November 16 – Asteroid 3 Juno at opposition – 12:00 UTC. Asteroid 3 Juno will be well placed for observation, lying in the constellation Eridanus, well above the horizon for much of the night. Regardless of your location on the Earth, 3 Juno will reach its highest point in the sky at around midnight local time.

November 17 – M45 well placed for observation. The Pleiades open star cluster (M45) in Taurus will be well placed for observation. It will reach its highest point in the sky at around midnight local time. At a declination of +24°06′, it is easiest to see from the northern hemisphere but cannot be seen from latitudes much south of 45°S. At magnitude 1.6, M45 is visible to the naked eye, but best viewed through a pair of binoculars.

November 17, 18 – Leonid meteor shower. This is an average shower, producing up to 15 meteors per hour at its peak. This shower is unique in that it has a cyclonic peak about every 33 years where hundreds of meteors per hour can be seen. That last of these occurred in 2001. Leonids are produced by dust grains left behind by comet Tempel-Tuttle, which was discovered in 1865. The shower runs annually from November 6 – 30 and peaks this year on the night of the 17th and morning of the 18th. The waxing gibbous moon will set shortly after midnight leaving fairly dark skies for what could be a good early morning show. Best viewing will be from a dark location after midnight. Meteors will radiate from the constellation Leo, but can appear anywhere in the sky.

November 23 – Full Moon – 05:41 UTC. The Moon will be located on the opposite side of the Earth as the Sun and its face will be will be fully illuminated. This phase occurs at 05:40 UTC. This full moon was known by early Native American tribes as the Full Beaver Moon because this was the time of year to set the beaver traps before the swamps and rivers froze. It has also been known as the Frosty Moon and the Hunter’s Moon.

November 26 – Jupiter at solar conjunction – 06:38 UTC. Jupiter will pass very close to the Sun in the sky as its orbit carries it around the far side of the solar system from the Earth. At closest approach, Jupiter will appear at a separation of only 0°39′ from the Sun, making it totally unobservable for several weeks while it is lost in the Sun’s glare. At around the same time, Jupiter will also be at its most distant from the Earth – receding to a distance of 6.35 AU – since the two planets will lie on opposite sides of the solar system. If Jupiter could be observed at this time, it would appear at its smallest and faintest on account of its large distance. It would measure 30.4 arcsec in diameter. Over the following weeks and months, Jupiter will re-emerge to the west of the Sun, gradually becoming visible for ever-longer periods in the pre-dawn sky. After around six months, it will reach opposition, when it will be visible for virtually the whole night.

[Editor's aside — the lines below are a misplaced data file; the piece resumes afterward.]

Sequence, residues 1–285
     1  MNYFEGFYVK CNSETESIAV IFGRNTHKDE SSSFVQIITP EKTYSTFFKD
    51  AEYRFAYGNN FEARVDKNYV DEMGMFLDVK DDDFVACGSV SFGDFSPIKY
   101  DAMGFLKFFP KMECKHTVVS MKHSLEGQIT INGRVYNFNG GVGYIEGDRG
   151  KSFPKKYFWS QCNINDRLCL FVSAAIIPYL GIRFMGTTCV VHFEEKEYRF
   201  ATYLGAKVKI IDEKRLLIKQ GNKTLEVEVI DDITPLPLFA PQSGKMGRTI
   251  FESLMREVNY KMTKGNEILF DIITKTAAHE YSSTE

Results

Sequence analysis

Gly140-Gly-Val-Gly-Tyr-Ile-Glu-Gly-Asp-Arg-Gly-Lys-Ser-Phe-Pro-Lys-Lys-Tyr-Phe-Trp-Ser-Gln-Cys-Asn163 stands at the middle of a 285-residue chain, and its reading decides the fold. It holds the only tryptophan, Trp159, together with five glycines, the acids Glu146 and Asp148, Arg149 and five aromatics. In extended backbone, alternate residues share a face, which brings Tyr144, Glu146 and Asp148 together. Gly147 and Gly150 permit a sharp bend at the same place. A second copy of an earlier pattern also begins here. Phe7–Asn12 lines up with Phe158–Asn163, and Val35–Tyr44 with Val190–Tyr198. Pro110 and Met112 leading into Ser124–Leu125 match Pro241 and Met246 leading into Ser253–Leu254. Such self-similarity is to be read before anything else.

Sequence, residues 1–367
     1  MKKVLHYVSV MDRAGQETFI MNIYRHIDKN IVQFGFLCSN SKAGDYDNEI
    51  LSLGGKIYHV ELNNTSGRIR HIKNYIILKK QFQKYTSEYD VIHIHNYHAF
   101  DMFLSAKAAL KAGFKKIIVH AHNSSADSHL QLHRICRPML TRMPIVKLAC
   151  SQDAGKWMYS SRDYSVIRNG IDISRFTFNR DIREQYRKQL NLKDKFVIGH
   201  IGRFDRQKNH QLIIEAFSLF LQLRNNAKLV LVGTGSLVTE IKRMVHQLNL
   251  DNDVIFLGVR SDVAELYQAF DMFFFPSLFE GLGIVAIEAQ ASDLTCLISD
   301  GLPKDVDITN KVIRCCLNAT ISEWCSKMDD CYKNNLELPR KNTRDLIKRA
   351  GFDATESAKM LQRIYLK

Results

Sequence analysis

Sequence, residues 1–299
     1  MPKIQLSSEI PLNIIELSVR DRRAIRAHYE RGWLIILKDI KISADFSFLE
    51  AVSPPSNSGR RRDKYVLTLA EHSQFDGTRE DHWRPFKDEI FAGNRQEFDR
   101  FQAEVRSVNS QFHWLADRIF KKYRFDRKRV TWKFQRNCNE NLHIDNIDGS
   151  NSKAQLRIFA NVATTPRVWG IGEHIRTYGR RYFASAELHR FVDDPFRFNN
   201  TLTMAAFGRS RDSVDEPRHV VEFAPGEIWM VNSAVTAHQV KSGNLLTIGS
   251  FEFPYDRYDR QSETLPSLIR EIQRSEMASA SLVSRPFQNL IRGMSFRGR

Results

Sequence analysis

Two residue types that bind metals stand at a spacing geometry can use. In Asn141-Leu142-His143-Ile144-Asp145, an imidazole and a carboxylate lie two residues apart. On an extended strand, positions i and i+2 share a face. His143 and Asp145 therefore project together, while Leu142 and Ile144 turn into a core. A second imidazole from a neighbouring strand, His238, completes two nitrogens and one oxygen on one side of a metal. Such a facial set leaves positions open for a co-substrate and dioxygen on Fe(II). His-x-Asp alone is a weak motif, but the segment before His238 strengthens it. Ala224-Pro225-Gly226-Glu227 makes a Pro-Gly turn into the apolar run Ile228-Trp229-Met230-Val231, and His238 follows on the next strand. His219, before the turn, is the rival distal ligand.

November 27 – Mercury at inferior solar conjunction – 09:09 UTC. Mercury will pass very close to the Sun in the sky as its orbit carries it between the Sun and Earth. This occurs once in every synodic cycle of the planet (116 days), and marks the end of Mercury’s apparition in the evening sky and its transition to become a morning object over the next few weeks. At closest approach, Mercury will appear at a separation of only 0°54′ from the Sun, making it totally unobservable for several weeks while it is lost in the Sun’s glare. Mercury will also pass perigee – the time when it is closest to the Earth – at around the same time, since it will lie on exactly the same side of the Sun as the Earth in the Solar System. It will move to within a distance of 0.68 AU from the Earth, making it appear with its largest angular size. If it could be observed, it would measure 9.9 arcsec in diameter, whilst appearing completely unilluminated.

November 27 – Close approach of the Moon and M44 – 21:23 UTC. The Moon and M44 will make a close approach, passing within 0°25′ of each other. The Moon will be 20 days old. The Moon will be at mag -12.4, and M44 at mag 3.1, both in the constellation Cancer. The pair will be close enough to fit within the field of view of a telescope, but will also be visible through a pair of binoculars.

November 28 – C/2016 N6 (PANSTARRS) reaches its brightest. Comet C/2016 N6 (PANSTARRS) is forecast to reach its brightest, at around mag 12.2. It will lie at a distance of 3.00 AU from the Sun, and at a distance of 2.49 AU from the Earth.

November 29 – Venus at greatest brightness – 02:23 UTC. Venus will be well placed for observation in the dawn sky, shining brightly at mag -4.7. Venus’s orbit lies closer to the Sun than the Earth’s, meaning that it always appears close to the Sun and is very difficult to observe most of the time. It is observable only for a few weeks each time it reaches greatest separation from the Sun – moments referred to as greatest elongation.

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I run the Higher Self Portal website and YouTube channel.